The FACGC also sponsored, for several years, different programs or projects beneficial to the Filipino American community. However, due to lack of funds, not all of said programs or projects materialized.


With this predicament, FACGC started looking for someone who may be able to suggest or recommend solutions to its financial projects beneficial to the Filipino American community.

Lehman, who is not member of FACGC and virtually unknown in the Filipino American community, was introduced to the FACGC board. Apparently, she made a “first impression as heaven sent” who could solve what ails the FACGC.

The FACGC board appointed Lehman as Executive Director without putting her under probation and sufficient vetting of her personal and professional background. They thought she was “very articulate, convincing, persuasive individual who claimed she could obtain “grants” for the organization.

But on the same day of her appointment on January 27, 2017 as Executive Director, according to the complaint, “Lehman improperly and unjustifiably began to purge the Board of Trustees by first terminating six (6) members of the Board.”

FACGC claimed this act was in violation of FACGC’s constitution. Lehman “also shortened the terms of office of the members of the FACGC Board”.

In addition, the complaint said that Lehman created her own Board and drew up a new “FACC” Constitution in lieu of the Constitution adopted and approved on May 20, 2016. Lehman’s action was without the consent and approval of the Board of Trustees that appointed her. She also did not follow the proper procedure in revising and amending the Constitution.


By the first week of February 2017, Lehman began, without notice and without the approval of the Board, to unlawfully and unjustifiably make physical changes at RHC, such as among others.

  • Changing the locks of the entrance door;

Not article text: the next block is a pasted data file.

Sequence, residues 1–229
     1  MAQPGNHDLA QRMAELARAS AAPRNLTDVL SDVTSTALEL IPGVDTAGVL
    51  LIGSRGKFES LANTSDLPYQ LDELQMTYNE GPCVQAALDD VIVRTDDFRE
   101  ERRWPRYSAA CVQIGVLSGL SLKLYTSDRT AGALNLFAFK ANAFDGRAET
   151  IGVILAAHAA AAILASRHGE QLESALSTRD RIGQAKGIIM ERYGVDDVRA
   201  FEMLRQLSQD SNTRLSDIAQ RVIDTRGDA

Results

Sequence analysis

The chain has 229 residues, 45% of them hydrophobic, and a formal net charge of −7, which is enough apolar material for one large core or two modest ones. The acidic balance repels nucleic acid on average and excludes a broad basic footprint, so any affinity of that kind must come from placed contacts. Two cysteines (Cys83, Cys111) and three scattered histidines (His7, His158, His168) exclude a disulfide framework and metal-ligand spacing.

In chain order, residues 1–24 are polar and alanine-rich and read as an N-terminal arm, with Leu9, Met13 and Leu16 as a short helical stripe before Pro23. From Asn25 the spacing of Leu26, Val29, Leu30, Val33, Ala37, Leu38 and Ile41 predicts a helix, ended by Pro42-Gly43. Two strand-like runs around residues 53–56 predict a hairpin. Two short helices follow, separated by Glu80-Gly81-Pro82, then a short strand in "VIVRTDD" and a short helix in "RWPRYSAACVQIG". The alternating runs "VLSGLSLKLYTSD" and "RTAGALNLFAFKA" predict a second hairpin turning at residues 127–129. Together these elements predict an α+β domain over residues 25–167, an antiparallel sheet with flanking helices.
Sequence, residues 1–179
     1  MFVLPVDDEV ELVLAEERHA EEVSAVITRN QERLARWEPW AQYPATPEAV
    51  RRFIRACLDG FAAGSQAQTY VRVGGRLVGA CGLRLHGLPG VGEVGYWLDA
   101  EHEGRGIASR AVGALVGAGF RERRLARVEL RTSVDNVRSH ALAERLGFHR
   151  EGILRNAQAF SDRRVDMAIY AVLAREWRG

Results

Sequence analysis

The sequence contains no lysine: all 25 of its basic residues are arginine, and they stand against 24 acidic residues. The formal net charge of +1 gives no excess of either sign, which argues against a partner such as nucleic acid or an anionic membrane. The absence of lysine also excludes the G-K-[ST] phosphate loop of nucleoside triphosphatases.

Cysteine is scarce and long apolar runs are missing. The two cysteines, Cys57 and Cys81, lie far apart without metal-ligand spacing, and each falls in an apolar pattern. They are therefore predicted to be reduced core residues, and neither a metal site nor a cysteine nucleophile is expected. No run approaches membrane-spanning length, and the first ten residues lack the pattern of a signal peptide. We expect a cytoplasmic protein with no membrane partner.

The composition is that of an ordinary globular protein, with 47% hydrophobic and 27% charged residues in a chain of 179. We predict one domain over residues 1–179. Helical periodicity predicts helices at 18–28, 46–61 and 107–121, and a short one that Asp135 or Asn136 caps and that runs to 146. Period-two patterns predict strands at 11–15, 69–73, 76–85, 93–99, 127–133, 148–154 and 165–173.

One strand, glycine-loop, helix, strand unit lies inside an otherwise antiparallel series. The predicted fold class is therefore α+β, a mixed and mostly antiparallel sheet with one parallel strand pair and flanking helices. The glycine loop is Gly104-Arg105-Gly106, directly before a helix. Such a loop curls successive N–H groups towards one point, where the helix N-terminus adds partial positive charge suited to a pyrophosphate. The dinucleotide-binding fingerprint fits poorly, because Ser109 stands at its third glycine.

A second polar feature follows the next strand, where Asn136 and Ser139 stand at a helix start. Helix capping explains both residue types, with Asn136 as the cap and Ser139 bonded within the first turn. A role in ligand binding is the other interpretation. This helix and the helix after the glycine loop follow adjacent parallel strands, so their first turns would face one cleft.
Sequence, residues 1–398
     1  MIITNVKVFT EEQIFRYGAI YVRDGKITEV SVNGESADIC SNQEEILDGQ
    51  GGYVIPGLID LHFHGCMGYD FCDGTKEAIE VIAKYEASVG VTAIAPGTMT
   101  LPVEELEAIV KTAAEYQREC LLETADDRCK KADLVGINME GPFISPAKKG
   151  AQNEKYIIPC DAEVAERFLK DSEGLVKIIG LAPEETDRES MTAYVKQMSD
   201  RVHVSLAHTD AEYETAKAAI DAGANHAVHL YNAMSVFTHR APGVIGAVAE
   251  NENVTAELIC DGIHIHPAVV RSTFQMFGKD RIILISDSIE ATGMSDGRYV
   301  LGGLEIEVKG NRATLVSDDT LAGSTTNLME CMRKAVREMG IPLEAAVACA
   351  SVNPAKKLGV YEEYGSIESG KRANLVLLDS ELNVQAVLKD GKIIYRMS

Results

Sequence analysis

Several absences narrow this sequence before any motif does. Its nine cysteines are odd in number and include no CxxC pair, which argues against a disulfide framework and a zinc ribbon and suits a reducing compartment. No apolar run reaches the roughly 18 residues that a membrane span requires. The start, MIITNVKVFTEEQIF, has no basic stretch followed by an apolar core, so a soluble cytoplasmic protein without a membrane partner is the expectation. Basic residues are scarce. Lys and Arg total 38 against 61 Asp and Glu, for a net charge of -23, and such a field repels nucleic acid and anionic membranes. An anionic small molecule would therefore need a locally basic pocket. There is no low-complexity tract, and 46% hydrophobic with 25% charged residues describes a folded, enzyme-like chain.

• Posting a sign at the entrance door, which reads: “CLOSED UNTIL FURTHER NOTICE;”
  • Removing the historic portraits of past presidents of FACC;
  • Barring anyone, including the members of the Board, from entering the Building;
  • Decimated the library;
  • Defacing RHC by removing the signage, which reads, “Filipino-American Council of Greater Chicago.”

Lehman also evicted FACC’s two tenants – Alfonso S. Bacos and the Alliance of Filipino Immigrant Rights and Empowerment (AFIRE), without sufficient advanced notice and without authority, and knowledge and approval of the Board. To make sure that she has full control of the FACC, Lehman was the only one holding the keys and no one could enter the building.

Joaquin told the court if Lehman will not be restrained, “the plaintiff may not be able to recover any damages from defendant since she has no assets and is unemployed.”

From her designation as Executive Director, she also added a title to her name, “Resident Manager,” so she can occupy rent-free one of the rooms of the RHC and converted it into a living space for herself and her husband, Ari Lehman.

Neither Lehman nor Strauss issued any statement to this reporter when reached for comment on the denial of their petition to intervene.